The Roman Road: More than you thought?

Growing up in the church, I learned that one of the best ways to share the gospel succintly would be take hearers (eager or not, no matter) through what came to be called the “Roman Road”.  In essence, this declaration of the good news find in Christ was, to use a cooking term, a ‘reduction’.  The idea was to boil away the unecassary ingerdients in order to leave the more powerful essence.

The essence includes about four truths:  1) you are a sinner,  2) the wages of sin is death, 3) God paid the wages through the death of Christ, 4) you can be reconciled to God by accepting this free gift of salvation.

All these things are true, and very good news indeed.  Increasingly though, I’m convinced that the reductionist model is missing some things that are vital for the gospel, things that, to the extent that they’re missing, contribute to a vast misrepresentation of both the good news and our calling to live it in this time.

To begin with, Paul calls Jesus, “the Christ”, which is tantamount to calling him “the King”.  This is not only vital news, it’s threatening news whenever any state declares itself to be the highest power.  Caesar is King.  Caesar is Lord.  Right? Isn’t that inherent in declaring one’s allegiance to the state?

Further, Caesar declared himself to be “the son of God” and his birth was heralded as “good news” (gospel), throughout the empire.  He demanded obedience in the annual event during which citizens of the empire would verbally declare that “Caesar is Lord”.

When people say the gospel isn’t political, I wonder what they’re smoking.  Declaring allegiance to an ethic and authority other than the state is the ultimate subversive political act.   Paul throws down the gauntlet in the first seven verses of his letter to, of all people, the Romans.  It was a letter to the equivalent of Moscow, or Berlin, or Washington D.C. declaring, at the outset, that there’s a different kingdom underway, a different king.

Heads of state don’t generally look kindley on such declarations, and Rome was no exception.   Within two decades, Christianity would become the focal point of Rome’s rage, and Christians would become torches for Nero’s parties.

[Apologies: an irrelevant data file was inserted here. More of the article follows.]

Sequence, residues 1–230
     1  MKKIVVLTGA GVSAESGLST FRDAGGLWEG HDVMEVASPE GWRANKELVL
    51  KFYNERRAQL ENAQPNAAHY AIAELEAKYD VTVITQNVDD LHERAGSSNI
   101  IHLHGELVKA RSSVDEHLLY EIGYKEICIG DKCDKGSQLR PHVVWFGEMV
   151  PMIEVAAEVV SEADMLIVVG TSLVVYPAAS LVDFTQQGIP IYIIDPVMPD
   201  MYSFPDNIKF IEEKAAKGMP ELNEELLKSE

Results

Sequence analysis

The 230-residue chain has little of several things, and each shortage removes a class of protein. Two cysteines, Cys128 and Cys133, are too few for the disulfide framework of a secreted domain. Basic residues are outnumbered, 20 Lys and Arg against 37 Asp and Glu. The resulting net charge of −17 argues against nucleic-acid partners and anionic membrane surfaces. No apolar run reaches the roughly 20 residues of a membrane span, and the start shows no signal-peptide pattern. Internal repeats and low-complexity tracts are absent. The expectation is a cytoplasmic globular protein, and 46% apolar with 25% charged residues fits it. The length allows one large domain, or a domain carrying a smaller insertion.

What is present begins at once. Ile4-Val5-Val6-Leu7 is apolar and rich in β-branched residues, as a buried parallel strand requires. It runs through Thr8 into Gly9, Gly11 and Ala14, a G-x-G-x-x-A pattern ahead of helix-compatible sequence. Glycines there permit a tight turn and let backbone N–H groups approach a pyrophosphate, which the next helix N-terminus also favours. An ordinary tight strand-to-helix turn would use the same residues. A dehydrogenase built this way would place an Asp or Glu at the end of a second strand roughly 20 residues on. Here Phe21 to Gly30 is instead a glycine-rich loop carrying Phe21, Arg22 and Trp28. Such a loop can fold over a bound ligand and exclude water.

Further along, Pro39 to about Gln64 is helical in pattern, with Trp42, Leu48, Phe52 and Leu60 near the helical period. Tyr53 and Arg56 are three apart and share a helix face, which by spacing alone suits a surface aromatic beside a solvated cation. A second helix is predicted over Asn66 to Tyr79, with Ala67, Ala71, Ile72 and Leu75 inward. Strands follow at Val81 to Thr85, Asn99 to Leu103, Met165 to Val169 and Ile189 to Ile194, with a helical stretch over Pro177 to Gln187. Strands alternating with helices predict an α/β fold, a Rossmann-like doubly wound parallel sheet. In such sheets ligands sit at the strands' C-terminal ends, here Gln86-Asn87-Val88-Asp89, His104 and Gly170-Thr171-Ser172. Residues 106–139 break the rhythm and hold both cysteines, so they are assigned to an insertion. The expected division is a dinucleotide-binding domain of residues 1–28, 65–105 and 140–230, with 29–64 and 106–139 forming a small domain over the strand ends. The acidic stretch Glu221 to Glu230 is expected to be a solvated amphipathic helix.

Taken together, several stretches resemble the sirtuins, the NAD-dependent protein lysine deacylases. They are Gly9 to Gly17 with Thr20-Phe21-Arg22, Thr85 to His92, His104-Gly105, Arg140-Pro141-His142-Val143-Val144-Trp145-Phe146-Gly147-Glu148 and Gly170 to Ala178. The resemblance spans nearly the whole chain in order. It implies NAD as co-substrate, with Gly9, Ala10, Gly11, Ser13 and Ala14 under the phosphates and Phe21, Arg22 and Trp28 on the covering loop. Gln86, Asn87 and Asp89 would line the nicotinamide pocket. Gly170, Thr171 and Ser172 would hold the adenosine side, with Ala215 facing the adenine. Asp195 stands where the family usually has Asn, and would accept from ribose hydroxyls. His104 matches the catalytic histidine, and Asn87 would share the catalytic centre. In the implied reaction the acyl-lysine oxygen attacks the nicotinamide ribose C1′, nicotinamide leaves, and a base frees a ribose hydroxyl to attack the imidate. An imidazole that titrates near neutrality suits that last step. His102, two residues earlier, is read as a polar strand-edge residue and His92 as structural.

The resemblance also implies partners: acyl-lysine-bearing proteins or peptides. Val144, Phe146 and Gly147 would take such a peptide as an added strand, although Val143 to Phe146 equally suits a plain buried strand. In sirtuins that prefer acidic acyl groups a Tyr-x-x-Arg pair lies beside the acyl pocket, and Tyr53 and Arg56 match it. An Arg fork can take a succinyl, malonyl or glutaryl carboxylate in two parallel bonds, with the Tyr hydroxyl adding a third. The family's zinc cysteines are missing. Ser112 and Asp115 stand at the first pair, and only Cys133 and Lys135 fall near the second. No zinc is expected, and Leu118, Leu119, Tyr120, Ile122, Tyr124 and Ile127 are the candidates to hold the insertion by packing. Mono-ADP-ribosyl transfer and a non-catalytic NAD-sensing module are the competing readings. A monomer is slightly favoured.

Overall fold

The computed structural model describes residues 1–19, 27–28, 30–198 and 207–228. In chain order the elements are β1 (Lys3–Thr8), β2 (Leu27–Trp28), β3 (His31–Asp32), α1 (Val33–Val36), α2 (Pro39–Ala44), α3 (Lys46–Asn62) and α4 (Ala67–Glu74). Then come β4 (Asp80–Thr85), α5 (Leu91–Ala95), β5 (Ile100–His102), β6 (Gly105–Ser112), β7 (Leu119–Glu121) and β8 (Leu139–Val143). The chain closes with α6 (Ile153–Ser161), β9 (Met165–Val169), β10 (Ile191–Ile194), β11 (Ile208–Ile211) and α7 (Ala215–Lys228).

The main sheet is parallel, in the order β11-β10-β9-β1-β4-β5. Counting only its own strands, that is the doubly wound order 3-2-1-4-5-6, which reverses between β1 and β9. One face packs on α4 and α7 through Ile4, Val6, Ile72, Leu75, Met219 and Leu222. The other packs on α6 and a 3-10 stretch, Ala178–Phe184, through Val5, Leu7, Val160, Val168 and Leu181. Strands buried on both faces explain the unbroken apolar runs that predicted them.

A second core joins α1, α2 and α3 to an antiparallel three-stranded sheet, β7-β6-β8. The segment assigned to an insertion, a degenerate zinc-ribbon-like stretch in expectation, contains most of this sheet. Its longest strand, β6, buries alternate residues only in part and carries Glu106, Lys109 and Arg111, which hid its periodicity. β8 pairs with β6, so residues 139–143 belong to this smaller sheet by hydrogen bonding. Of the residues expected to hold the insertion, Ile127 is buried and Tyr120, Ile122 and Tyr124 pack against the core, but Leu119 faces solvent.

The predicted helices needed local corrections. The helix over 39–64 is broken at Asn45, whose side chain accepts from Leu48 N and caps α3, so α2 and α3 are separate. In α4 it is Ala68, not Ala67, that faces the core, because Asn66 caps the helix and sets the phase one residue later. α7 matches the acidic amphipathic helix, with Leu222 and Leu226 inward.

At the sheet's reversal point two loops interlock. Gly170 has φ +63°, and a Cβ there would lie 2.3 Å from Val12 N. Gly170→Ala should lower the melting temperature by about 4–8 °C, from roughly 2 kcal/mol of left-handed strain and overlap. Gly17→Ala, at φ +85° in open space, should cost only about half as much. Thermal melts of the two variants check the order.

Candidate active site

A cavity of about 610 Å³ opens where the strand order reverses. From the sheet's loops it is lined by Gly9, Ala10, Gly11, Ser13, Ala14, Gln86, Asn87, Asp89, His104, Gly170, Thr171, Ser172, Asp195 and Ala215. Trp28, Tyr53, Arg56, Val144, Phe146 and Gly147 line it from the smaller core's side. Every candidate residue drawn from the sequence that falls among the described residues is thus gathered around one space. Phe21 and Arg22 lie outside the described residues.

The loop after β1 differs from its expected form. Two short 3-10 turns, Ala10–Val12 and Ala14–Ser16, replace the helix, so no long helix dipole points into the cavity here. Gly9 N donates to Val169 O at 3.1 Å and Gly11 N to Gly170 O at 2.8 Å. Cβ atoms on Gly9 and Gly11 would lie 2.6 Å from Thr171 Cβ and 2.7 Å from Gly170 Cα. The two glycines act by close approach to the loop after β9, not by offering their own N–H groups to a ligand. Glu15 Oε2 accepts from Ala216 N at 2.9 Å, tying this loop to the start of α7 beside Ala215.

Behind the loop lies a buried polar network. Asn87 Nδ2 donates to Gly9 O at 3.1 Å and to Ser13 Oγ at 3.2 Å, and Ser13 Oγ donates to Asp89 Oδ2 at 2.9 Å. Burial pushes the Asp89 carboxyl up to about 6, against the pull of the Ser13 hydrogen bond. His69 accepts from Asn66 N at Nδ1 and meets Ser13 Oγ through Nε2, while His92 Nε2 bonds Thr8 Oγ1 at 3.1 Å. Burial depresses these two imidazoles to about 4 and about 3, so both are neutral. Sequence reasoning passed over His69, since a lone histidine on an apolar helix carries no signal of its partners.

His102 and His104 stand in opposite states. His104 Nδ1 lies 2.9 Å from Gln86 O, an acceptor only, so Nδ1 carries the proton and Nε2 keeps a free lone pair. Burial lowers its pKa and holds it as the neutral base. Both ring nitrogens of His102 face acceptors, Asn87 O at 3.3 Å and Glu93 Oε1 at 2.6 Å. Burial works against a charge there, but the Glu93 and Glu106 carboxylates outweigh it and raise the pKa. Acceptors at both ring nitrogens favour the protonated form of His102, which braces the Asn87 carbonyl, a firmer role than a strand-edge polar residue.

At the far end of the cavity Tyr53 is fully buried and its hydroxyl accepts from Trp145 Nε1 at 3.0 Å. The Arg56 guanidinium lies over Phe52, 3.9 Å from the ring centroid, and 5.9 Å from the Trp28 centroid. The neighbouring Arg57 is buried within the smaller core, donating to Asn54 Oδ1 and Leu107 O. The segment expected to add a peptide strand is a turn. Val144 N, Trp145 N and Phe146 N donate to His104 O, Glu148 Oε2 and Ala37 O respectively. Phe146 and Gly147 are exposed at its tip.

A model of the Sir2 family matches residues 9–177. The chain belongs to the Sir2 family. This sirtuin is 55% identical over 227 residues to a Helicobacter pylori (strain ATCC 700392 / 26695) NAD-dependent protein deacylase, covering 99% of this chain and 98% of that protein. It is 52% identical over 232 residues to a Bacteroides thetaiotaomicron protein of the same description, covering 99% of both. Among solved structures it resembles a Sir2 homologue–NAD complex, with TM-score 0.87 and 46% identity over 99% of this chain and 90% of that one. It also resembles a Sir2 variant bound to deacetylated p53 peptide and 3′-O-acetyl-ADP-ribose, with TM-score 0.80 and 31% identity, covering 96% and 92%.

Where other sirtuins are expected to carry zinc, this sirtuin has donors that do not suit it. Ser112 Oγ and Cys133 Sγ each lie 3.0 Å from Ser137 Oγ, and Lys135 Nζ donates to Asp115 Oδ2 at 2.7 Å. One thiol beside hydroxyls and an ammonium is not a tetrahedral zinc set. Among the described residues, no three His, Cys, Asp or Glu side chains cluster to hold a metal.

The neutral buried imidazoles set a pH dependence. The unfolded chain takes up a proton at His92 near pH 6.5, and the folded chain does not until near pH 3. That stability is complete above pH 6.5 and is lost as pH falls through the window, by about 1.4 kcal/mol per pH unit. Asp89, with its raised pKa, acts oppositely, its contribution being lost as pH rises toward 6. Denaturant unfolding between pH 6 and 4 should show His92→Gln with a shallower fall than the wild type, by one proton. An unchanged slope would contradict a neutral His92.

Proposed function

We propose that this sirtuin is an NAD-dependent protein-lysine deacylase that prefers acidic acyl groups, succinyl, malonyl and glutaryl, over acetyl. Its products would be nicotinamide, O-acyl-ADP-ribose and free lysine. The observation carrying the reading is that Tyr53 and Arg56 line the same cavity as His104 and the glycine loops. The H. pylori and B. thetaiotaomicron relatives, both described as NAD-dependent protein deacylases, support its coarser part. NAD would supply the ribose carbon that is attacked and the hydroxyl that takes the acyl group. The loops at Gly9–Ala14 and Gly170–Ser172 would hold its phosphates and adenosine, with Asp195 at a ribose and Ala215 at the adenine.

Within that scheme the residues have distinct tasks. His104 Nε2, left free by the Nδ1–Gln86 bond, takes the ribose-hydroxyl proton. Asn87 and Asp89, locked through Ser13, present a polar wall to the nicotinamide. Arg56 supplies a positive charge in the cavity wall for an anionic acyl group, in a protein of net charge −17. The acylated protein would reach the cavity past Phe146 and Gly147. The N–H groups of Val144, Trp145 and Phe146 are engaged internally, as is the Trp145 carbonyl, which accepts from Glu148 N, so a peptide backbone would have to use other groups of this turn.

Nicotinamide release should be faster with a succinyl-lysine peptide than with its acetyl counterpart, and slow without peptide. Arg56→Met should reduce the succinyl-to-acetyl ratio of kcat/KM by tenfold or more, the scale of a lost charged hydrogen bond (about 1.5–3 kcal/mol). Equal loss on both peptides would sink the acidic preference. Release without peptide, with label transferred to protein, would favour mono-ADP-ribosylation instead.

There’s more.  Paul declares that this higher allegiance isn’t theory or generic.  Rather, he delcares that all followers of Jesus are called to the “obedience of faith”, meaning that they’r called to live differently.

It’s right here that I wonder about the split between the right and the left among people of faith.  My sense is that all sides, (all of us, in fact, even we who like to think we have no side), are guilty of cherry picking our obedience.  The right gets marital fidelity right, and the call to sexual purity, but somehow thinks hating our enemies and destroying them, and allowing market forces to “raise the living standards for the poor” is the gospel of Jesus.

The left believes (rightly in my opinion) that God calls us to care for the earth, and find ways to love and care for those who are our enemies, but utterly ignores the more personal calls to higher morality.  Too often, they believe that changing systems will change the world, when the reality is that changes in the world only come about because of changes in the human heart.

In all of this, it’s also important to remember that Paul never, ever, envisioned the union of political power with the kingdom of God.  Power structures will rise and fall, be allied with the gospel at some points, and run counter – it matters not.  Our calling remains the same:  embody the reign of the king in our communities of faith, and work to actively make that reign visible in our lives, our homes, our cities, and our world.

This is what I’ll be talking about tomorrow.  I welcome your thoughts.

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  • Hannah

    Have you read “Jesus for President” by Shane Clairborne? Its goes into a lot more depth than what you just said. If not, you should, its a pretty quick read and worth it.

  • Kevin

    Taking the cooking metaphor somewhat further, it is interesting to note that a reduction is never meant to be directly consumed but is meant to be either mixed into a sauce or used as a glaze over another dish. While the reduction brings tremendous flavor and complexity to the dish, an entire bottle of red wine reduced down to 2 cups of wine syrup would blow your head off if you consumed it directly. Similarly, while these four truths may be essential they are intended to accompany and complement the requisite elements of grace, understanding, and context, without which the entire dish is incomplete and lacking the necessary savor.

  • Jared Jensen

    The beginning of your post reminded me of a church planting seminar I attended a few years ago entitled “ZeroOrientation” The speaker gave us a little booklet containing the “Reduced Calorie Gospel”

    1. Salvation is a gift you get when you: Pray the Prayer
    2. A Christian is someone who has: Prayed the Prayer
    3. A good Christian gets others to: Pray the Prayer
    4. A non-Christian is one who hasn’t: Prayed the Prayer
    5. Outreach and Evangelism is getting people to: Pray the Prayer
    6. Heaven is a place for those who have: Prayed the Prayer
    7. Hell is a place for those who haven’t: Prayed the Prayer
    8. Assurance of salvation comes from remembering that you:
    9. If you doubt you are saved: Pray the Prayer
    10. The end result and focus of the Christian life: PRAY THE PRAYER

    All right and good… just reduced calories. Tim Keller has done great work in helping us remember that the Gospel is also for Christians! We daily forget it, and daily need to be reminded of it.

    Thanks for the good post.